BIRMINGHAM: Pakistan skipper Misbah-ul-Haq believed the 141-run defeat at Edgbaston in the third Test against England was due to the host pacers' reverse-swing, which left his batsmen clueless after lunch on the final day.
Pakistan, set a huge target of 343 for victory after England declared on 445 for six early on Sunday’s final day, were dismissed for 201.
Misbah's men suffered a dramatic middle-order collapse shortly before tea as they lost four wickets for just one run in 23 balls.
They had been comfortably placed at 69 for one come lunch but lost six wickets in the second session as England made the most of the slight reverse swing on offer.
Misbah, one of the quartet of batsmen who succumbed in the pre-tea collapse, said: “Until lunch it was easy, nothing happening. But after lunch they got it reversing, and we were not having any clue.”
However, he added: “The good thing is this match is gone.
“We have one game left — we can win it and square the series — that's what we have to think.”
This was Pakistan's second heavy defeat in as many matches following their 330-run reverse in the second Test at Old Trafford and again demonstrated how an attack featuring just four frontline bowlers can tire badly in the latter stages.
One consolation was the form of recalled opening batsman Sami Aslam, with the left-hander demonstrating remarkable composure for a 20-year-old during excellent innings of 82 and 70.
“He looks a compact player and has shown great temperament,” said Misbah of Aslam.
“I am happy that he did well against this type of bowling.”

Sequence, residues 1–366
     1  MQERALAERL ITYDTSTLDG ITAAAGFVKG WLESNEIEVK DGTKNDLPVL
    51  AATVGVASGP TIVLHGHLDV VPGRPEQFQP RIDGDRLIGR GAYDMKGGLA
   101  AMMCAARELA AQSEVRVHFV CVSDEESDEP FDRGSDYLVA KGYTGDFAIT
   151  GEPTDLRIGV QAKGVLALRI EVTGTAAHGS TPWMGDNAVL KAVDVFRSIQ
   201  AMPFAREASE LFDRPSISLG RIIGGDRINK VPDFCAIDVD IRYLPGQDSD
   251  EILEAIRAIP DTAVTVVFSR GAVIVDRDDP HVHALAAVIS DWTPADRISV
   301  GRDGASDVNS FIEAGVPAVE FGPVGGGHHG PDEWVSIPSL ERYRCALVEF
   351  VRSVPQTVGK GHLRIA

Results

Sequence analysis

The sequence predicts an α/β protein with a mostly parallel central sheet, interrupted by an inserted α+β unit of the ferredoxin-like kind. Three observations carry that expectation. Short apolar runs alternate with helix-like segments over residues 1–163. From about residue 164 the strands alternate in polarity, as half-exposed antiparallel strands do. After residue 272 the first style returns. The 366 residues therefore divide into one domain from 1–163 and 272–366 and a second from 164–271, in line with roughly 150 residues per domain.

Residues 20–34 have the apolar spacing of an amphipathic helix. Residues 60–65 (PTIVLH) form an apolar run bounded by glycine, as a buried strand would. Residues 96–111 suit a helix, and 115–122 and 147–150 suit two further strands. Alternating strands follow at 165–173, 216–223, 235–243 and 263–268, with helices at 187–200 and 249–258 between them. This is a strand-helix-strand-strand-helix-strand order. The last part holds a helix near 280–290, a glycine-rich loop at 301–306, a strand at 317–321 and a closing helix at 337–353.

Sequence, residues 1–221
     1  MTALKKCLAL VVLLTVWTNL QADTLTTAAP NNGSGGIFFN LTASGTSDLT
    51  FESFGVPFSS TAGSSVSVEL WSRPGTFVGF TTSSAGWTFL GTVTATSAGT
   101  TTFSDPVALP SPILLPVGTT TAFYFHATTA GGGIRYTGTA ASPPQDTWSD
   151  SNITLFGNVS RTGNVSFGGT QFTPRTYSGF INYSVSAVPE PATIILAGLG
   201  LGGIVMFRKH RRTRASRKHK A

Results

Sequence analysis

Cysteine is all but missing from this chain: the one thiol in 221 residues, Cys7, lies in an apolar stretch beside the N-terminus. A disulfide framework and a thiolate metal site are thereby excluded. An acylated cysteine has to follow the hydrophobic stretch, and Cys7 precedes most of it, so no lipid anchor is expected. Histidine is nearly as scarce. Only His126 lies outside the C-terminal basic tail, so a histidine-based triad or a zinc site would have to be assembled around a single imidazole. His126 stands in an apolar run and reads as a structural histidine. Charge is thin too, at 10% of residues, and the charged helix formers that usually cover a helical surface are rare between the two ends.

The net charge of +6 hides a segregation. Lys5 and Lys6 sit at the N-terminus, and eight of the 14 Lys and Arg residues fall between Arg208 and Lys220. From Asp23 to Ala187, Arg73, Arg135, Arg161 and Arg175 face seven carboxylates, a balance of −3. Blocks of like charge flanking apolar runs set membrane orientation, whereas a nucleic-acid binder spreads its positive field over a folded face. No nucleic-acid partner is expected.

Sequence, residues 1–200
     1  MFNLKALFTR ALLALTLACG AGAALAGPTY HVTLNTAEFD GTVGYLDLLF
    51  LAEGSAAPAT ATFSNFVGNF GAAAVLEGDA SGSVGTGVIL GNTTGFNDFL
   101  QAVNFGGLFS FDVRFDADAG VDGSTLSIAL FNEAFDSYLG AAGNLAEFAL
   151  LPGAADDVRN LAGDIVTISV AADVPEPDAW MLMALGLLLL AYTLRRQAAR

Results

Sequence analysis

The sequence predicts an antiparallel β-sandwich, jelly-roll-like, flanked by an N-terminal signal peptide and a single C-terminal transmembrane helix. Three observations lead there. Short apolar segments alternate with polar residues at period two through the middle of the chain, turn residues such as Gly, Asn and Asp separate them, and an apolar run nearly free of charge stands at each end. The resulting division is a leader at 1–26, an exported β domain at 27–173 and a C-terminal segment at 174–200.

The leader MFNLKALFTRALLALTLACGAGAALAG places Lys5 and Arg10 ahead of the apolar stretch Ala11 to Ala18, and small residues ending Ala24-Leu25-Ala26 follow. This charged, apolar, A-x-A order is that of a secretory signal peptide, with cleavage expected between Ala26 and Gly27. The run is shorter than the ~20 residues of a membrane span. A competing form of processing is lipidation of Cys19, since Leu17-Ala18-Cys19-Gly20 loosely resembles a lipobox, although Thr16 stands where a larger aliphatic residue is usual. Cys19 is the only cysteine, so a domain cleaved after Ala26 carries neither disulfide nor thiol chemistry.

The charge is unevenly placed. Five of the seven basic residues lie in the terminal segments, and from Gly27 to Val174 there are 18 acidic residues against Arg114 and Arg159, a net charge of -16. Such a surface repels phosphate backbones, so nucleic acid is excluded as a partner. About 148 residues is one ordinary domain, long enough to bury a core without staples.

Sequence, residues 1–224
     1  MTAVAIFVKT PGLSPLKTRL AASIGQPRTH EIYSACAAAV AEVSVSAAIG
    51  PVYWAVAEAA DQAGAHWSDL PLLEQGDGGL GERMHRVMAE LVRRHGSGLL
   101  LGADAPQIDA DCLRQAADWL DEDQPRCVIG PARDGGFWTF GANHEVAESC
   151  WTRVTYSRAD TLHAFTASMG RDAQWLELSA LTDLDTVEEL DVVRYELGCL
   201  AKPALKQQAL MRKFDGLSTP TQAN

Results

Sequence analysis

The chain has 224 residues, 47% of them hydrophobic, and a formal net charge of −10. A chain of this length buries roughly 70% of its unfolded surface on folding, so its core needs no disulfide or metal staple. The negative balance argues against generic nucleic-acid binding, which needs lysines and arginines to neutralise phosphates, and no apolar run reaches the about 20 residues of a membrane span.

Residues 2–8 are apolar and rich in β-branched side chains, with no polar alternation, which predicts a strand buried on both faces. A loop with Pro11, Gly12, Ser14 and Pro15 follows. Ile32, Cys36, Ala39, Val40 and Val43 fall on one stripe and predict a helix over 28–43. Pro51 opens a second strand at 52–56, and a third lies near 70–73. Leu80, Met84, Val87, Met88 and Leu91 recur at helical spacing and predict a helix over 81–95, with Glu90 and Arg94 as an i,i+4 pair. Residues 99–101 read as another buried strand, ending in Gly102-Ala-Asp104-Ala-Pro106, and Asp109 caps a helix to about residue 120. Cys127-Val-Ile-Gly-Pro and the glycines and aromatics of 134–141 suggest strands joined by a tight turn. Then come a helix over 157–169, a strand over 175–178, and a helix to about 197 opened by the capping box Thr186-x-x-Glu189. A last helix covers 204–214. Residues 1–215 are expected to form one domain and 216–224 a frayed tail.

'Further to go'
England captain Alastair Cook insisted his side had “further to go” after the big win at Edgbaston gave them a chance to top the world Test rankings before the end of their home season.
Victory in south London will see England back on top of the International Cricket Council's Test rankings for the first time since 2012 provided India do not win the last two Tests of their ongoing series in the West Indies.
Not that Cook was getting carried away by the prospect.
“If we do win at The Oval, I wouldn't say we are anywhere near our potential,” he said.
“If we become number one there, that's fantastic — but it will be a bit of an irrelevance, because this side has still got much further to go.
“I thought that might come in a couple of years' time.”
England were behind in the game until Cook (66) and Alex Hales (54) wiped out the first-innings deficit with their first century stand as a Test-match opening pair.
Joe Root (62) helped consolidate England's recovery before Jonny Bairstow (83) and Moeen Ali (86 not out) took the match away from Pakistan in Saturday's last session.
Their sixth-wicket partnership of 152 eventually ended shortly before Cook declared early on Sunday.
“Everyone responded, and I think this side might have just toughened up a little bit,” said Cook.
“We were never leading it — but then, when we got our chance yesterday (Saturday) afternoon, Mo and 'Bluey' (Bairstow) put the pressure on them,” he added.
“Then we bowled brilliantly too.”
What pleased Cook most, however, was seeing his side win from an unpromising position.
“This is the first one in a while we've been behind and fought back.”